[0031] With reference now to FIGS. 1A-1G, the implant 20 of FIG. 1A will now be described in more detail. As shown, the compact dental implant 20 has a longitudinal axis L. In the illustrated embodiment, the implant 20 is about 6.5 mm in length when measured from the coronal end 22 to the apical end 24. In other embodiments, the implant 20 can be between about 5 mm and 8 mm, or between about 5.5 mm and 7.5 mm, or between about 6 mm and 7 mm in length. The diameter of the coronal end 22 can be between about 3 mm to 5 mm, or about 4 mm, or about 4.1 mm. The diameter of the apical end 24 can be between about 2 mm to 5 mm, or about 4 mm, or about 3.9 mm. The height of the collar 36 when measuring along the longitudinal axis L can be between about 1 mm to about 2 mm, or about 1.5 mm. The diameter of the apical portion of the collar 36 can be between about 3 mm to 6 mm, or about 5 mm, or about 4.9 mm. The height of the threaded portion 34 can be between about 3 mm and 7 mm, or between about 4 mm and 6 mm, or about 5 mm. As described above, the illustrated embodiment of the dental implant 20 is particularly useful when the depth of the jawbone is relatively shallow since the dental implant 20 generally has less available penetration depth than standard dental implants in order to be securely implanted into the patient's jawbone. As described above, the threaded portion and the collar 36 are configured to optimally use the available penetration depth in the posterior region to promote retention and inhibit bone resorption. In addition, the collar 36 can be configured to engage the patient's soft tissue, such as the patient's gums.

[0032] As will be explained below, although the illustrated embodiment includes a pair of threads 38 that each extends helically around the implant 20, modified embodiments may include more or less threads. In addition, as explained below, a surface formed by faces 58 of the threads 38 and/or the root surface 40 can be generally conical or taper inwardly in the apical direction. In some embodiments, the surface formed by faces 58 of the threads 38 and/or the root surface 40 comprises at least two different tapers, as explained below. However, in other embodiments, the surface formed by faces 58 of the threads 38 and/or the root surface 40 can be substantially cylindrical or otherwise shaped. The implant 20 may be made of titanium, although other materials may be used, such as various types of ceramics, plastics or composites.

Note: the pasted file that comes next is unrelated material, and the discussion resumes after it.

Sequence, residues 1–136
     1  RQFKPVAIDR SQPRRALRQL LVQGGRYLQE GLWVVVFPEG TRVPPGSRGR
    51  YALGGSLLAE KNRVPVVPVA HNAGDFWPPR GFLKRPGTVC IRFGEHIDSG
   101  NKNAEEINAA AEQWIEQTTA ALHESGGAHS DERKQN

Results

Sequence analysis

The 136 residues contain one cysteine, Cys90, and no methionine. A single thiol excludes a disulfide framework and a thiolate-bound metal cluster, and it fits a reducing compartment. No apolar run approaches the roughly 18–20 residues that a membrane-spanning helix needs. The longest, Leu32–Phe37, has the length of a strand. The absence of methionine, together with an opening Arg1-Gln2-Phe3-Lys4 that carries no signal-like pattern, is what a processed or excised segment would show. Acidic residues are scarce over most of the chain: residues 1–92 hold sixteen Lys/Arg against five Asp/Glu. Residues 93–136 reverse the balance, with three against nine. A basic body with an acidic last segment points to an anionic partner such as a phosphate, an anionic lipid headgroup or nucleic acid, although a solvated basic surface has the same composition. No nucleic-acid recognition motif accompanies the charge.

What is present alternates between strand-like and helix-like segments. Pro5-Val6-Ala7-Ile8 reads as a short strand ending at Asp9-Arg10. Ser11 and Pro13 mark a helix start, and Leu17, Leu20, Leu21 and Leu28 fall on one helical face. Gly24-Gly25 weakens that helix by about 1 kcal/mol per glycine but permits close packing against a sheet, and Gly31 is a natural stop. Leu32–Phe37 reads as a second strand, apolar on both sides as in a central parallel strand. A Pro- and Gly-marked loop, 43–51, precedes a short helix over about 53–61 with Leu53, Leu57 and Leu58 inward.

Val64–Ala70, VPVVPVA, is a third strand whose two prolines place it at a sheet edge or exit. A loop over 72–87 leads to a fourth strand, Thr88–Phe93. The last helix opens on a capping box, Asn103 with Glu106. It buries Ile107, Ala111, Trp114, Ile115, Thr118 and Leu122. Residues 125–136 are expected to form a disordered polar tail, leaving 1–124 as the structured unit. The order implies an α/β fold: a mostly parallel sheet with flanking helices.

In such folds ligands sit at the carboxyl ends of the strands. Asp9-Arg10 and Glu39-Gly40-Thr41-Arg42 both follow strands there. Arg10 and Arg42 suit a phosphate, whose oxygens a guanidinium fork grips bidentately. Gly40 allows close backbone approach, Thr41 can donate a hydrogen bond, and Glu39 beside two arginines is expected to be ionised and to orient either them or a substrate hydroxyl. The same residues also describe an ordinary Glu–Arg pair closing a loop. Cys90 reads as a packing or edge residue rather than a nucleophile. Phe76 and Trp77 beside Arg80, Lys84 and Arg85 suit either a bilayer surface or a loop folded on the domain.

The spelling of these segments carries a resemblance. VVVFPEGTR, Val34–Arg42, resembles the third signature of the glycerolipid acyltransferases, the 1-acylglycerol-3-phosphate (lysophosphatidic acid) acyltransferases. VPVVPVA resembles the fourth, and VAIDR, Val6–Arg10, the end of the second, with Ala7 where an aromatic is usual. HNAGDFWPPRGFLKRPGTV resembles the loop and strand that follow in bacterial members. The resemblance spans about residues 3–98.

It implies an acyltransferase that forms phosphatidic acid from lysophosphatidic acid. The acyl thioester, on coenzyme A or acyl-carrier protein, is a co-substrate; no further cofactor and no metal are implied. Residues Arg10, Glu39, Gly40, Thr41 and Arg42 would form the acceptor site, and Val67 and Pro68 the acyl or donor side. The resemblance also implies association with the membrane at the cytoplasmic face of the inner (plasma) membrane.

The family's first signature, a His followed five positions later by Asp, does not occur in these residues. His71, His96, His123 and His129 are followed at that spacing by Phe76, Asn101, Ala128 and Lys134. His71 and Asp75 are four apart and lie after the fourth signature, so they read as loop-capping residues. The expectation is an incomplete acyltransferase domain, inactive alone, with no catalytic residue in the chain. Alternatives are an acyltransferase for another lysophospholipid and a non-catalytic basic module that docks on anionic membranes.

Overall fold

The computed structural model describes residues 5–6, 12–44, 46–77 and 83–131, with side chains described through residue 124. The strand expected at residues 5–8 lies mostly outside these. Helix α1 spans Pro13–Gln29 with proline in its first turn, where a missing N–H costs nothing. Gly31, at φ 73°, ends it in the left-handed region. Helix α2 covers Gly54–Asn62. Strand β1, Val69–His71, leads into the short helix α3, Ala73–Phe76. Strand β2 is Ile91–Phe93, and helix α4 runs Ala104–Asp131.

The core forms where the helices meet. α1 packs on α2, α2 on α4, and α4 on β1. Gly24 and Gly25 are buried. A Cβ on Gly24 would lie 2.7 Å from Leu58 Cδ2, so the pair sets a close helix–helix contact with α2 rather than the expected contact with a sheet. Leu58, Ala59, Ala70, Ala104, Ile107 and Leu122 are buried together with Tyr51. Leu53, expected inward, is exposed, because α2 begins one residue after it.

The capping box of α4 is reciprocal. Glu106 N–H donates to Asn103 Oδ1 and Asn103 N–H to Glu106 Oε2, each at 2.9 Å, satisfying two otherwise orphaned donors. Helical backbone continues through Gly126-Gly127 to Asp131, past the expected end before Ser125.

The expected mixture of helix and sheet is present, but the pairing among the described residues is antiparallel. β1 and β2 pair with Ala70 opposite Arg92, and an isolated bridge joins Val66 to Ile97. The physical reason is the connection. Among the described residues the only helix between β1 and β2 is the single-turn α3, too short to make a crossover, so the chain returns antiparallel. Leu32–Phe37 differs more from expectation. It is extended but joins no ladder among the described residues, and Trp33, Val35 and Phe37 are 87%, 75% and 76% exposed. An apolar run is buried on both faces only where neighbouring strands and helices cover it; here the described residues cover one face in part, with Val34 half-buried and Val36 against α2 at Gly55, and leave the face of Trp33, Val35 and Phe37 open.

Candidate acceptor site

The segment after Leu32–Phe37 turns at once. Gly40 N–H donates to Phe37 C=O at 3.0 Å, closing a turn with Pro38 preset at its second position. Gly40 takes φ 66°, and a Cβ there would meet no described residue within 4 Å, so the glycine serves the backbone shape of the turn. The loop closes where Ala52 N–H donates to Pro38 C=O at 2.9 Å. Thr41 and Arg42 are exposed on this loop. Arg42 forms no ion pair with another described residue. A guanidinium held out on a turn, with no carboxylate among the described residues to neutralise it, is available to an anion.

[0033] In the description herein, reference will be made to various structures that "taper" "inwardly." Unless otherwise specified, tapering inwardly means that the surface of the referenced structure generally lies closer to the longitudinal center of the dental implant 20 as the structure moves towards the apical end 24 of the implant 20. Accordingly, "tapering outwardly" means that the surface of the referenced structure generally lies further from the longitudinal center of the implant 20 as the structure moves to the apical end of the implant 20. Thus, with reference to FIG. 1 A, in the illustrated embodiment, the collar 36 generally tapers outwardly while the threaded portion 36 generally tapers inwardly.

[0034] In the illustrated embodiment, the implant body 32 includes an outer surface or a bone apposition surface 40, which can be configured to promote osseointegration. In one embodiment, the bone apposition surface 40 is configured to promote osseointegration by increasing the surface area of the body 32. In this regard, the bone apposition surface 40 can be formed by roughening the implant body 32 in several different manners, such as, for example, by acid-etching, grit blasting, and/or machining. Alternatively, the bone apposition surface 40 can be formed by coating the lower surface with a substance in order to promote osseointegration. In some embodiments, this may result in decreasing or increasing the surface area of the implant body 32. Calcium phosphate ceramics, such as tricalcium phosphate (TCP) and hydroxyapatite (HA) are examples of materials that can enhance osseointegration by changing the chemistry of the outer surface 40. In other embodiments, the outer surface 40 can comprise macroscopic structures, such as, for example, threads, micro-threads, indentations, and/or grooves that are configured to promote osseointegration and can be used alone or combined with the roughening and/or the coatings described above. In one embodiment, the outer surface 40 comprises a microstructure surface, such as, a highly crystalline and phosphate enriched titanium oxide microstructured surface with open pores in the low micrometer range. An example of such a surface is sold under the trademark, TiUnite™ by Nobel Biocare AB. In another embodiment, the body 32 can be form from a zirconium ceramic or other ceramic material that can be coated with porous zirconium to provide a microstructure surface. In another embodiment, the microstructure surface can be coated with a substance configured to promote osseointegration (such as BMP).

[0035] With continued reference to FIG. 1A, the collar 36 can lie coronal to the threaded portion 34 and, in the illustrated embodiment, can be integrally formed with or permanently affixed to the threaded portion 34. The collar 36 can be defined at least in part by a sidewall 44. In the illustrated embodiment, the sidewall 44 tapers outwardly in an apical direction at approximately an angle that is α degrees, with respect to the longitudinal axis L. In some embodiments, α is between approximately 0 degrees and 30 degrees, or between approximately 0 degrees and 20 degrees.